One of the many observations in Thomas Picketty’s acclaimed, at least in reformist circles, new book Capital in the Twenty-First Century is that the period between 1910 to 1950 was, in Capitalist terms, an abomination in that wages took an increasing share of national wealth. The normal situation is the reverse. The rich get richer at the expense of wages.
His solution would appear to be that we should learn the lessons of this period of abomination and simply reapply them. Basically it would appear he would like to redistribute wealth through heavy taxation.
Unfortunately the period in question was the golden age of imperialism which was imposed on the capitalist ruling class by the fact that the means of production had outgrown the nation states through which they originally carved out their own rule against the feudal imperialist empires. Without itself becoming imperialist, capitalism would have been overturned by the working classes many moons ago but the super-profits it bought allowed the capitalists to buy off a layer of workers and the workers movement and turn them into defenders of the system against the masses.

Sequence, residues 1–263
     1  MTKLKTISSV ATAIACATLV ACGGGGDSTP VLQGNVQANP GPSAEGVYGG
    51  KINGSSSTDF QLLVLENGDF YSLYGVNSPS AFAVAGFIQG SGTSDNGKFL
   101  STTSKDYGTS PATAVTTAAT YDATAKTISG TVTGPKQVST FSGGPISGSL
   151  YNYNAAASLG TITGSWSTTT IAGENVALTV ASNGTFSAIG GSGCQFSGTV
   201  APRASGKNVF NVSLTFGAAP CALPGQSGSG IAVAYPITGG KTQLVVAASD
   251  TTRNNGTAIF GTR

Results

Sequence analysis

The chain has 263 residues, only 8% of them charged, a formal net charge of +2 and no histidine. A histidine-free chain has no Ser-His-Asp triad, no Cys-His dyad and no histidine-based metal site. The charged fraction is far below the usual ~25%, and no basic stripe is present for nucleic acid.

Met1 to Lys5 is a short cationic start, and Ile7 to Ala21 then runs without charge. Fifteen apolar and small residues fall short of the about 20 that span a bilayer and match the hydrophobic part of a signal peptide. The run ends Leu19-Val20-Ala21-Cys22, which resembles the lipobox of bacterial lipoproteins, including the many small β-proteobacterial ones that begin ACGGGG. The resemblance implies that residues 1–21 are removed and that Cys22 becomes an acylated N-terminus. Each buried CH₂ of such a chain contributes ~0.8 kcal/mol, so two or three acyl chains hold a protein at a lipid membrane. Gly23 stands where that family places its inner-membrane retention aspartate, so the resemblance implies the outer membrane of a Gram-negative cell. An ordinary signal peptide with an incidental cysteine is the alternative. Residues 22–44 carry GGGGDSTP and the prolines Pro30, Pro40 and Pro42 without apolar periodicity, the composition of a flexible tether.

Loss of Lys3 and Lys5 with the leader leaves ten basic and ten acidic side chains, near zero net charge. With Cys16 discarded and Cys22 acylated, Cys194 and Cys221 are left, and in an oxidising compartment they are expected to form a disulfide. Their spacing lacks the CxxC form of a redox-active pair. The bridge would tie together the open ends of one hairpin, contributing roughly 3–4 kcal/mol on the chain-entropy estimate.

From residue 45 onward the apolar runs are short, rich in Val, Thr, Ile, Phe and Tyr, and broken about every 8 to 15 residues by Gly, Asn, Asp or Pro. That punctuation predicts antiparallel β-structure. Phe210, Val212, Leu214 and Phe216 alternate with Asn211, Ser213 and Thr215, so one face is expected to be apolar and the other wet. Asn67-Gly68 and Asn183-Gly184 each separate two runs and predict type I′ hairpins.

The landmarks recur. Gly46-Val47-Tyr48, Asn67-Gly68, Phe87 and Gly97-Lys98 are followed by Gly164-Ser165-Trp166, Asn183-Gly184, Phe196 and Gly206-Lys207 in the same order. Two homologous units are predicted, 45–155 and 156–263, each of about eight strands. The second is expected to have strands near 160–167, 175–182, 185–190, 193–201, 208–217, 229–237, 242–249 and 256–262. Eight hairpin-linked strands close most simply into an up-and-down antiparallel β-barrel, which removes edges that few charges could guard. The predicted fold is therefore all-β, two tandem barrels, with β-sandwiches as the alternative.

By the 1950s the rate of return on imperialism began to go into reverse. By 2008 the whole imperialist edifice, crowned by US-sponsored globalisation, came crashing down with the collapse of the 30-year `monetarist’ Ponzi Scheme that had been designed to prop it up.
Picketty does not tell us how this golden period of imperialism can be re-captured beyond a bit of taxation because of course it cannot be. Imperialism is no longer working. Capitalism was the highest stage of capitalism. The only thing on the cards now is direct, unmediated, to the death, class war.